Guardians of the Galaxy Vol. 3 | Good and Bad

Good: Rocket Raccoon

Since the first Guardians film way back in 2014, Rocket has been one of the best parts of the MCU. But also a mysterious one. He was never the focus character. He stole scenes. He stole entire movies. But we didn’t know as much about him as we knew about Peter Quill, Captain Marvel, Shuri, Thor, etc. It was a similar deal with Black Widow until Natasha had her movie. To finally have an MCU film put the narrative focus on Rocket was not only refreshing but cathartic and smart. Bradley Cooper’s performance was phenomenal. And the payoff of finally having Rocket square up and face off with High Evolutionary felt great. It had all the emotional charge of something built up over multiple movies even though it was almost entirely contained to Vol 3.

The moment Rocket delivered his full name with “Raccoon” was such an earned moment. 

Bad: Adam Warlock

You see all the great choices made with Rocket. So it’s puzzling how the same people made all the wrong choices with Adam Warlock. There’s something to be said about an all-powerful being who happens to be emotionally stunted and working through who he wants to be. It’s a fine concept. But our moments with Adam Warlock are:

  1. Shows up at Knowhere and wreaks havoc.
  2. Wounded. Back at High Evolutionary’s ship. Extremely infantilized. Described as a “beautiful idiot” and as having something very wrong with him. 
  3. Toasts prisoner and has moral quandary. 
  4. Adopts alien animal and pushes back against his mother. 
  5. Goes to grab Rocket, defeats War Pig.
  6. Sees planet exploding so flies to his mother. Doesn’t make it in time.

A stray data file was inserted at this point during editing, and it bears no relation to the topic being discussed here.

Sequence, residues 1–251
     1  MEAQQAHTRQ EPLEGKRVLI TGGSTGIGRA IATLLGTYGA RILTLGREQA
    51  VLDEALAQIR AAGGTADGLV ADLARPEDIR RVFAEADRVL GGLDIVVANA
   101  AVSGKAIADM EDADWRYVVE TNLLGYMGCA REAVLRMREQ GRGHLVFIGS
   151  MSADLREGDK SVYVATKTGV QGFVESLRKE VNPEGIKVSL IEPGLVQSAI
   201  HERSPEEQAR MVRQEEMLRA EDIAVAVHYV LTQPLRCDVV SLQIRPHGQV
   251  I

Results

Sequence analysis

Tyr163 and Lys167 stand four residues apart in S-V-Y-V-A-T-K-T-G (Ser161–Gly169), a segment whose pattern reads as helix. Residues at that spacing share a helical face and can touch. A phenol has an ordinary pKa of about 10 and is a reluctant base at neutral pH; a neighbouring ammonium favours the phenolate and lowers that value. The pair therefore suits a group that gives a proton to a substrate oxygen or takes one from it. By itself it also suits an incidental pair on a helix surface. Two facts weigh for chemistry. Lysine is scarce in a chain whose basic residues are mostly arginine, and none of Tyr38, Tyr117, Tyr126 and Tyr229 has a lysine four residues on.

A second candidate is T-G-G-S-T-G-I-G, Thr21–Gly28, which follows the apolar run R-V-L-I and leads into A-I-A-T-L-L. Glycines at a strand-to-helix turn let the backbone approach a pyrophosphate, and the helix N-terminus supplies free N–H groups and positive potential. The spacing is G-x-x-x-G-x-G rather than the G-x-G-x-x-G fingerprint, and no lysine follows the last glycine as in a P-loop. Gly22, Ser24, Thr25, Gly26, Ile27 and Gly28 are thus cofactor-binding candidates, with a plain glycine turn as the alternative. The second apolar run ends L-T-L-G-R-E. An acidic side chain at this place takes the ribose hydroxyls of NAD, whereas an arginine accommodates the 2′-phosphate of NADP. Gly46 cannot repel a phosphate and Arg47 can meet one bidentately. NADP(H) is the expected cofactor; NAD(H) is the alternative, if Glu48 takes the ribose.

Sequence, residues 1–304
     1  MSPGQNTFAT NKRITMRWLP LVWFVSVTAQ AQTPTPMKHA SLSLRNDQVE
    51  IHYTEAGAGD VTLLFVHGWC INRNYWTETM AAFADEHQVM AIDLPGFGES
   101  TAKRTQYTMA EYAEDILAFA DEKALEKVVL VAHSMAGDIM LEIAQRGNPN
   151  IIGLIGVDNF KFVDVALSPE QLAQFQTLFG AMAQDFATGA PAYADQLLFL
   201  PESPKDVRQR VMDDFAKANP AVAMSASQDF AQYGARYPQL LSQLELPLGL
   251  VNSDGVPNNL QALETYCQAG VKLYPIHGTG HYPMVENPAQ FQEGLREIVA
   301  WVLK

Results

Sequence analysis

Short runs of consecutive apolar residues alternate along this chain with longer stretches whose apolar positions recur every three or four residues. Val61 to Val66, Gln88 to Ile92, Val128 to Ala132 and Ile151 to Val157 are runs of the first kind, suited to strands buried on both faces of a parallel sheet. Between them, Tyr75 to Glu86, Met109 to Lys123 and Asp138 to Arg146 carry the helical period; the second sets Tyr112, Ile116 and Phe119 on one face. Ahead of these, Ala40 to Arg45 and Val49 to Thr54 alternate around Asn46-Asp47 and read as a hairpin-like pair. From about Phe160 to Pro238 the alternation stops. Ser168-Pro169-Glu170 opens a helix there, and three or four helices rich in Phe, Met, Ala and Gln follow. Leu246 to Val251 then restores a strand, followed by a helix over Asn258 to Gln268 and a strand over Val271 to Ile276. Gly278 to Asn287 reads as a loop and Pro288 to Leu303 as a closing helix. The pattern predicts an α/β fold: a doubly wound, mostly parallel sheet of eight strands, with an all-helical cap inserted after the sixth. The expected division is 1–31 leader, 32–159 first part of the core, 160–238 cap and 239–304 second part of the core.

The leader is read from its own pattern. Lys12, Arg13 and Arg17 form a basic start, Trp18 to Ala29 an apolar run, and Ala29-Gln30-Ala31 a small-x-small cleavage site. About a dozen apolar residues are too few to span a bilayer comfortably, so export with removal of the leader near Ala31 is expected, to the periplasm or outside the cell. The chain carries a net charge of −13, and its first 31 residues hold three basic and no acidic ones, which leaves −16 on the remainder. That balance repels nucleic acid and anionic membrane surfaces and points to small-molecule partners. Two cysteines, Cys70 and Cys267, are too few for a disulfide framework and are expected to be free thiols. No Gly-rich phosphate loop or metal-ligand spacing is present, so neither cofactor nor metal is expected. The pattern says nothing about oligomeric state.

7. Saved by Groot.
  8. Saves Peter from space. 
  9. Group hug. 
  10. Joins Rocket’s Guardians. 

The situation with Warlock is the opposite of Rocket. With Rocket, it’s this very cultivated, developed backstory. With Warlock, we’re simply told High Evolutionary woke Adam early and that’s why Adam’s a bit emotionally and intellectually crude. But we don’t know when that happened. We saw Adam’s cocoon in the after credits of Guardians of the Galaxy Vol. 2. James Gunn himself said he feels it’s been at least a couple years between Endgame and Vol. 3. Did High Evolutionary wake Adam just for this? Was Adam’s trip to Knowhere his first mission? Or has he been going around for days, weeks, months, or a year or more as Evolutionary’s attack dog? 

This lack of backstory makes Adam Warlock’s entire character arc a bit forced. If he’s brand new to this world, then he certainly already has a strong grasp of a lot of concepts. If he’s been active, how long has he been having these moral quandaries? And why now does he suddenly start to change? The only impetus we see is him blasting the prisoner then reacting to the sad animal. Has he had a soft spot for animals? Has he been denied affection? Why didn’t he feel bad on Knowhere when he was hurting so many people? 

To go from egotistical, violent brat to happy member of the Guardians with less than 10 minutes of screentime is just a huge disservice to the character. 

Good: High Evolutionary

There’s arguably probably too much of an overlap between High Evolutionary in Vol. 3 and Kang in Quantumania. Both are god-figure scientists who lead societies. Both start off calm and controlled but end their movies having lost control and frantic. They each have big moments where they unleash a burst of power at a group of enemies. Similar suits. They have similar gravity powers. It’s not too big of a deal. Just funny when it’s back to back movies just three months apart. Maybe that’s on purpose?